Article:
In comments reported by The Telegraph, Prof Hawking told O’Briain, who himself as a degree in theoretical physics: “To keep someone alive against their wishes is the ultimate indignity.
“I would consider assisted suicide only if I were in great pain or felt I had nothing more to contribute but was just a burden to those around me.”
However the 73-year-old added: “But I’m damned if I’m going to die before I have unravelled more of the universe.”
Hawking has previously spoken out in support of assisted suicide for people suffering from terminal diseases.
In 2013 the cosmologist told the BBC: “We don’t let animals suffer so why humans?
He said: "I think those who have a terminal illness and are in great pain should have the right to choose to end their lives and those who help them should be free from prosecution.
"But there must be safeguards that the person concerned genuinely wants to end their life and they are not being pressurised into it or have it done without their knowledge or consent, as would have been the case with me."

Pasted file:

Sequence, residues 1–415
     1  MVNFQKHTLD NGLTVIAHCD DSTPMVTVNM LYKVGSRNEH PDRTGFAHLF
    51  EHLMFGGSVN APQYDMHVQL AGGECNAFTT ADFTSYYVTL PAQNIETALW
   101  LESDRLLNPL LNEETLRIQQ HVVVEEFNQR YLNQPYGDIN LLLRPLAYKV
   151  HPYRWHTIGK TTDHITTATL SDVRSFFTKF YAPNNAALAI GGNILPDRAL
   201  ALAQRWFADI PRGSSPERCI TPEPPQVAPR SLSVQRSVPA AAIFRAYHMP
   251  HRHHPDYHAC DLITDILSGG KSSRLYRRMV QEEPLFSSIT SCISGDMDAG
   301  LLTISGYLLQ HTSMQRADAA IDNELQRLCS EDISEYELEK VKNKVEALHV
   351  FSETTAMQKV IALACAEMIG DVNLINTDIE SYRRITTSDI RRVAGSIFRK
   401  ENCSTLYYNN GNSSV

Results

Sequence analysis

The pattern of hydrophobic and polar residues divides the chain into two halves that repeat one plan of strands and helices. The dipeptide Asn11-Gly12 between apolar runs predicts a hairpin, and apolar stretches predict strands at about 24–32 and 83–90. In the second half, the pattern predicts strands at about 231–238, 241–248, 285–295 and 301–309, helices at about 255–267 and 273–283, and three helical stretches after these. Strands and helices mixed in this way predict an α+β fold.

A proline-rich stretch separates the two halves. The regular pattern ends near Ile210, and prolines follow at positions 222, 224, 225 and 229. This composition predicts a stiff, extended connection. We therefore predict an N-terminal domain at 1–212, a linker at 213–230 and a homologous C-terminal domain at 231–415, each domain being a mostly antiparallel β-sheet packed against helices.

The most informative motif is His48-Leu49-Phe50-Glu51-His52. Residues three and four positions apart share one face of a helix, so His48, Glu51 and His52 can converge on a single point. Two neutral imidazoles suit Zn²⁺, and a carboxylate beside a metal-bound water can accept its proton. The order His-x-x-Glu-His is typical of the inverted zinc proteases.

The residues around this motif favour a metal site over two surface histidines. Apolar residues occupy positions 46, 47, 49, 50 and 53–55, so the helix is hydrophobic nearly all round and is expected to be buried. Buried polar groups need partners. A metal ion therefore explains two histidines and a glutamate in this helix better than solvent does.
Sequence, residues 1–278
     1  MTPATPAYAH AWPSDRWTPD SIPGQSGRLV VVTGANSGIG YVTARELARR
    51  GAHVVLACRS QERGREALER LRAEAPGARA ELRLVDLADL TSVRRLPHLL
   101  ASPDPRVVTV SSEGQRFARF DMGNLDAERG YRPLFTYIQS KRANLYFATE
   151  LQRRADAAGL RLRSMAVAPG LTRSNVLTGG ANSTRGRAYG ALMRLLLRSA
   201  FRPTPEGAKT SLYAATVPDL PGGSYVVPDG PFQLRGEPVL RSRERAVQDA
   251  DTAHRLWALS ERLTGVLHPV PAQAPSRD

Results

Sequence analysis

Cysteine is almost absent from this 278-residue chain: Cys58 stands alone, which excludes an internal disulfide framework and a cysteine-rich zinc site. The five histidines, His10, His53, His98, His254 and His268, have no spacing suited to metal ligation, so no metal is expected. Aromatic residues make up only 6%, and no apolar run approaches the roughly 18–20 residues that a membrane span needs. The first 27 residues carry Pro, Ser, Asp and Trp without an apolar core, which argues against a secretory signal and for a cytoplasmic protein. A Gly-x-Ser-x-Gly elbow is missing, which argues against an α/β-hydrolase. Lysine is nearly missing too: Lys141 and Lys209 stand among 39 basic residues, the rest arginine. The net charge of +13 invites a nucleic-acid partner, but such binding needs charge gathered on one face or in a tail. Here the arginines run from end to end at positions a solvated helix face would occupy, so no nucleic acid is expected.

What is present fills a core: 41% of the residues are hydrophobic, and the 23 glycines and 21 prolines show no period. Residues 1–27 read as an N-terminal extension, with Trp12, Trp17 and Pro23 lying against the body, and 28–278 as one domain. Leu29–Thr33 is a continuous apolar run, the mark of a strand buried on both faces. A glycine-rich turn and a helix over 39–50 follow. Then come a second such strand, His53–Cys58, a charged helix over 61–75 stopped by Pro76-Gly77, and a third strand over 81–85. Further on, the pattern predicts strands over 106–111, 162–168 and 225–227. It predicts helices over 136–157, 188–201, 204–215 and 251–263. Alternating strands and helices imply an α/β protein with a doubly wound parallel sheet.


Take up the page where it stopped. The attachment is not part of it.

In his latest interview, Hawking also talked of the isolation his condition sometimes leads to.
He told O’Briain: “At times I get very lonely because people are afraid to talk to me or don’t wait for me to write a response.
“I’m shy and tired and times. I find it difficult to talk to people I don’t know.”
When asked what he missed about being able-bodied, he replied: “I would like to be able to swim again. When my children were young, I missed not being able to play with them physically.”
Prof Hawking was diagnosed with his disabling and incurable condition aged 21 and told that he had just two or three years to live.
Following a bout of pneumonia in 1985, he was placed on a life support machine which his first wife, Jane Hawking, had the option to switch off.
Recovering from the disease, Prof Hawking went on to complete his popular science best-seller A Brief History of Time, which sold more than 10 million copies worldwide.
Only 5% of people with the kind of MND he has - called amyotrophic lateral sclerosis (ALS) or Lou Gehrig's disease - survive for more than a decade after diagnosis.
Referring to euthanasia in 2006, he said: ''The victim should have the right to end his life, if he wants. But I think it would be a great mistake.
"However bad life may seem, there is always something you can do, and succeed at. While there's life, there is hope.''
The full interview “Dara O’Briain meets Stephen Hawking” will be broadcast on BBC One on 16 June at 22.35.